Skip to main content
15 answers
Asked Viewed 257 times Translate

How do you find out what career/job you want to do?

I am currently a student in high school and I have absolutely no IDEA what I wanna do. student career

+25 Karma if successful
From: You
To: Friend
Subject: Career question for you

17
Pros
17
0

15 answers


Updated Translate

Anthony E.’s Answer

You are not alone. That is easily the most popular subject I have worked with my coaching clients, of all ages, to tackle. The short answer is to spend the time to figure out what you really love; what excites you, fulfills you and gives you purpose. Then you figure out how/where you can get paid to do that thing.

Anthony E. recommends the following next steps:

If money and time were not a consideration (you had plenty of both), what would you do for free, for the pure enjoyment or satisfaction.
Research companies and organizations that offer, or have the opportunity to offer that activity.
Narrow those opportunities that align with your core beliefs.
Introduce yourself to them and let them know why they should consider you.
Thanks for your answer :) Kaanchana S.
My pleasure. Enjoy your journey, perhaps the most important advice I would offer. Anthony E. Baldwin
4
Pros
3
0
Students
1
0
Updated Translate

Reid’s Answer

I remember even when I was in university I was very narrow minded about my potential career path and what options I had. It took me about 6 years into my professional journey to realize there is a multitude of different directions and paths to take. I just needed to expose myself to those. A few ways I did this:
1. read through job postings at companies I thought were interesting to learn about what the day to day activities of different types of jobs were and think about if I would enjoy that
2. conversations with other professionals, either some of my parents friends or people I met at work (typically higher up than me). I found it really interesting and valuable learning about their career paths and previous roles they had to get to where they are today.

tldr: try to expose yourself through research and conversations with experienced professionals to learn about what is out there. There is a lot out there you don't even know exists.
2
Pros
1
0
Students
1
0
Updated Translate

Marta’s Answer

I was in the same spot as you are around 10 years ago - finishing high school with zero idea on what to do next. In the end, I decided to go to college for computer science for two reasons: because it would be easier to transfer from a more demanding program to less demanding one if I changed my mind and because almost everyone needs an IT person in their company, so I could switch ans choose fields.

I'e been working as a programmer for 7 years now and I touched on so many different fields: medical, finance, social media, music, technology, fitness, just to name a few. So, if you're a person that likes many different things and you would like to have an opportunity to change jobs and fields frequently - I cannot recommend IT enough.

Also, remember that whichever patch you choose - you can always change it. It doesn't matter if you spend a year, five or twenty in your chosen field - as long as you want to learn something new and have financial means to do it - there is no shame or failure in switching professions.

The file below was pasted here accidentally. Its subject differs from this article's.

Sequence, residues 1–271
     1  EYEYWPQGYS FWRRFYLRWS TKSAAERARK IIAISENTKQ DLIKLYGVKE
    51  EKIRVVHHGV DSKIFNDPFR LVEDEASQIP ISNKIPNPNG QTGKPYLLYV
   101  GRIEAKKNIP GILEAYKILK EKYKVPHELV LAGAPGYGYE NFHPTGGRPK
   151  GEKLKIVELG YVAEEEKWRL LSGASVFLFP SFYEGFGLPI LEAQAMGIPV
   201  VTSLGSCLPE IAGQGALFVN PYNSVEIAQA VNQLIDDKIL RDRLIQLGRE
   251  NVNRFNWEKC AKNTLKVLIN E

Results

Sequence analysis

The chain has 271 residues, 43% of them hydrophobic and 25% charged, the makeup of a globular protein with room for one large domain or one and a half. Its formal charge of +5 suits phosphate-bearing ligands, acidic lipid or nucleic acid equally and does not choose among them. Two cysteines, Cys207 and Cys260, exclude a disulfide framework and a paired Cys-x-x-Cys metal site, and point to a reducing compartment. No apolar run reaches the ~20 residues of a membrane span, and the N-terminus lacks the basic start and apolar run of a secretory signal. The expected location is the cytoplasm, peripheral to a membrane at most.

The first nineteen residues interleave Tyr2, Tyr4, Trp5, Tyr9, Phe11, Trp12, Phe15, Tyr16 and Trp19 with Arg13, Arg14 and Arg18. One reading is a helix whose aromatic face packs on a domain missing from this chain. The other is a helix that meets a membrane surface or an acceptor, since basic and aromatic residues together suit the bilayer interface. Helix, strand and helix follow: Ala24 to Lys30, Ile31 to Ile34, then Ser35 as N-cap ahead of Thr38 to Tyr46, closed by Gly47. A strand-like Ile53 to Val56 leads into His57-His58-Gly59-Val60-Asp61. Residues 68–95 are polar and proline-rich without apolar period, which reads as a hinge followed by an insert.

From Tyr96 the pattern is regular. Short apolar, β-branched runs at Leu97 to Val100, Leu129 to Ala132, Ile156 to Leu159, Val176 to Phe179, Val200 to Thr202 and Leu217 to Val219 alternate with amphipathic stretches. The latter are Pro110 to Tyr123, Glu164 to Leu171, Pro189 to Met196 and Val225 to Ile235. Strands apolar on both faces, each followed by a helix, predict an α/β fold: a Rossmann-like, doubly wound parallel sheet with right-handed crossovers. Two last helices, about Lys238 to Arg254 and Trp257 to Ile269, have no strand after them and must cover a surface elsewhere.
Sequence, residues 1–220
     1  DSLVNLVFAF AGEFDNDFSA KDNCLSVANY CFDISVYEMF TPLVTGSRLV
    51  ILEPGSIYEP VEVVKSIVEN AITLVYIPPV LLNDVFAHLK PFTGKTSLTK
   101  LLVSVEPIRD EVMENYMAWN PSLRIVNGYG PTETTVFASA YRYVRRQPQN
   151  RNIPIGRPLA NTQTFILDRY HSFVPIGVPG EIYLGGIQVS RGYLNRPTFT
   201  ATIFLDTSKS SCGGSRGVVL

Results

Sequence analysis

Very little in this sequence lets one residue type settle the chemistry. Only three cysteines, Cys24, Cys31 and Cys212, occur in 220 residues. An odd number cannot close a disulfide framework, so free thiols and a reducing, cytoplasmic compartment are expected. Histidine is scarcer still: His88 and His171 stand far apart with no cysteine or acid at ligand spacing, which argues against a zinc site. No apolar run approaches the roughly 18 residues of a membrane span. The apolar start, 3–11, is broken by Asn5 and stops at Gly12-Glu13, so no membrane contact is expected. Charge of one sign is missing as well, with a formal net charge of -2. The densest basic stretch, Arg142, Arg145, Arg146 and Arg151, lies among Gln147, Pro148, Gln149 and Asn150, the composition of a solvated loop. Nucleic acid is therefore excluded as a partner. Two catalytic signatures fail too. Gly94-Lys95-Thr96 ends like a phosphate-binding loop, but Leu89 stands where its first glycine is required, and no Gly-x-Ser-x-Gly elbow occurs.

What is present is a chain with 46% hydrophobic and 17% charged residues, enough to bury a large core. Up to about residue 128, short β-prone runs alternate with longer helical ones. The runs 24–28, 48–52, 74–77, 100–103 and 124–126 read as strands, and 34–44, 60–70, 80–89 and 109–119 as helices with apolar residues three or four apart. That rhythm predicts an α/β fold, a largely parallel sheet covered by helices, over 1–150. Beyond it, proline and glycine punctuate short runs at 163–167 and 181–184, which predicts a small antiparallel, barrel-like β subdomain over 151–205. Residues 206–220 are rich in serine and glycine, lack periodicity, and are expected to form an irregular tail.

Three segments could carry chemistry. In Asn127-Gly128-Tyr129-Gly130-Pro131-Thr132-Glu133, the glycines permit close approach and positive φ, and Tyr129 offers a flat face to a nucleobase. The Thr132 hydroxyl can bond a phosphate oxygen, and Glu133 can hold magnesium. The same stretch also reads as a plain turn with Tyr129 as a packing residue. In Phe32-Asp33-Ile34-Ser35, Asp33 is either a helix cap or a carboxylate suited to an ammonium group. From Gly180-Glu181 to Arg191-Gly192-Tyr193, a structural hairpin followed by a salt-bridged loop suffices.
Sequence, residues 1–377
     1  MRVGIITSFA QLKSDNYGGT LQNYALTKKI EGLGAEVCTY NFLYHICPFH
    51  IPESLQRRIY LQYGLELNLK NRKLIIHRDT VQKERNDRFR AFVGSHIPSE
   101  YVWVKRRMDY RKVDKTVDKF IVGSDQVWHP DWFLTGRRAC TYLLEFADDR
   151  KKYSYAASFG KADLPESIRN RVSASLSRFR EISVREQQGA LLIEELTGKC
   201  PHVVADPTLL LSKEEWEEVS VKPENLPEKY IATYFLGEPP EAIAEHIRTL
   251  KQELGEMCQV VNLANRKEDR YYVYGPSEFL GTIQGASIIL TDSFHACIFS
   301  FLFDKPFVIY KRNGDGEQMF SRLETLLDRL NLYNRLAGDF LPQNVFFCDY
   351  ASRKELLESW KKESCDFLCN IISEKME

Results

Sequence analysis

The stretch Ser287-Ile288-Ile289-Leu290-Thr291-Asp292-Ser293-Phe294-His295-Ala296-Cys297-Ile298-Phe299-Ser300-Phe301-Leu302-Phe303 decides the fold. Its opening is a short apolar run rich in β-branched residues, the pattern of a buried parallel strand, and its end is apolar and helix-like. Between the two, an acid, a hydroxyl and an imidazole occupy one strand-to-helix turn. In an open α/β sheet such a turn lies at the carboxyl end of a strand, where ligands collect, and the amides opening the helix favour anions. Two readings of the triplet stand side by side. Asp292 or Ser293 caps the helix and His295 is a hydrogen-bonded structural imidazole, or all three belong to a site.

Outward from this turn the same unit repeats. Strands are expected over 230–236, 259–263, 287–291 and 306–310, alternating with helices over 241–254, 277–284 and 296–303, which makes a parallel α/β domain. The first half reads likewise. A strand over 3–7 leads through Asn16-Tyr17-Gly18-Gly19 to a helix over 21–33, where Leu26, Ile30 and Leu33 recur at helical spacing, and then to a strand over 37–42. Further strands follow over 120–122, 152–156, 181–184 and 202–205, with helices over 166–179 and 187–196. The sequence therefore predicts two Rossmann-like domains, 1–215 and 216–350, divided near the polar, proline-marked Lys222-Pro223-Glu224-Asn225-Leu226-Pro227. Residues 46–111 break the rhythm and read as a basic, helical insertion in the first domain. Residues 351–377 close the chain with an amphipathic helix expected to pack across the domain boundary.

Good luck!
2
Pros
1
0
Students
1
0
Updated Translate

David’s Answer

First thing, don't put pressure on yourself. So many kids are told they have to know what they want before they get to college so they can get right into their program and start down their path. This pressure pushes a LOT of kids into a career they hate and an unfulfilled life. There is no reason you need to know what you want to do with your life at 17... or 21... or 30.

Second, try things. If you can take a few years at a small cheap college or something (I'm not sure how it works in the UK) to take a variety of classes, it would be a good idea. In the US, we don't have to declare a major until year three so we have some time to try a few things out. If there is a way to do something similar there, it will really help narrow it down.

If all else fails, get your degree in something that can translate to many areas; business, psychology, marketing, etc. This way you can still use your degree once you decide which career you want to pursue.
2
Pros
1
0
Students
1
0
Updated Translate

Racheal’s Answer

Hello,
One of the greatest ways to determine this is completing a career assessment. It can be found online. You can also do a personality assessment to see how your personality would mesh with the type of career you are interested in from the assessment.
Remember that you will change and grow often so so don't beat yourself up is you pick a career and find out its not what you want once your start on that path.
Thank you for this idea, I might try it some time :) Kaanchana S.
You're welcome Racheal Noble, LMFT, LPC, NCC
1
Students
1
0
Updated Translate

Victoria’s Answer

You’ve already gotten some great answers but I think it’s also a good idea to take a moment and stop thinking so hard. Take a breather. If you’re going to college, you can go as undecided for now and take classes that interest you. What you’re meant to do will find you one way or another. Talk to people you admire and ask them how they got to where they are now. It’s very rarely a straight line. I thought I wanted to be a surgeon and now I’m in software. It’s always best to take things slow. You don’t have to have life figured out right now. Mystery is part of life’s magic. If you’re not going to university, see if it’s possible to take the summer off to collect yourself. If that’s not possible, some great minds have been known to take jobs they aren’t passionate about until they find their passion.
A lot of the time, we have this imaginary timeline in our heads of where we need to be and what we should be doing but life is that thing that happens when we’re making other plans. Just be here. Now.
1
Students
1
0
Updated Translate

Rebecca’s Answer

I believe many people may have the same question. I would suggest you try the approach below to see whether it helps:
1. Think about any subjects or hobbies that you are interested with
2. Identify any careers that are related to what you are interested. For example, if you like mathematics, would like to be mathematician, maths teacher, accountant, etc. If you like to do sports, would you like be an athlete, sports teacher, coach, sports journalist, etc.
3. You can further explore the careers that you may have interest, e..g reach the information online, etc.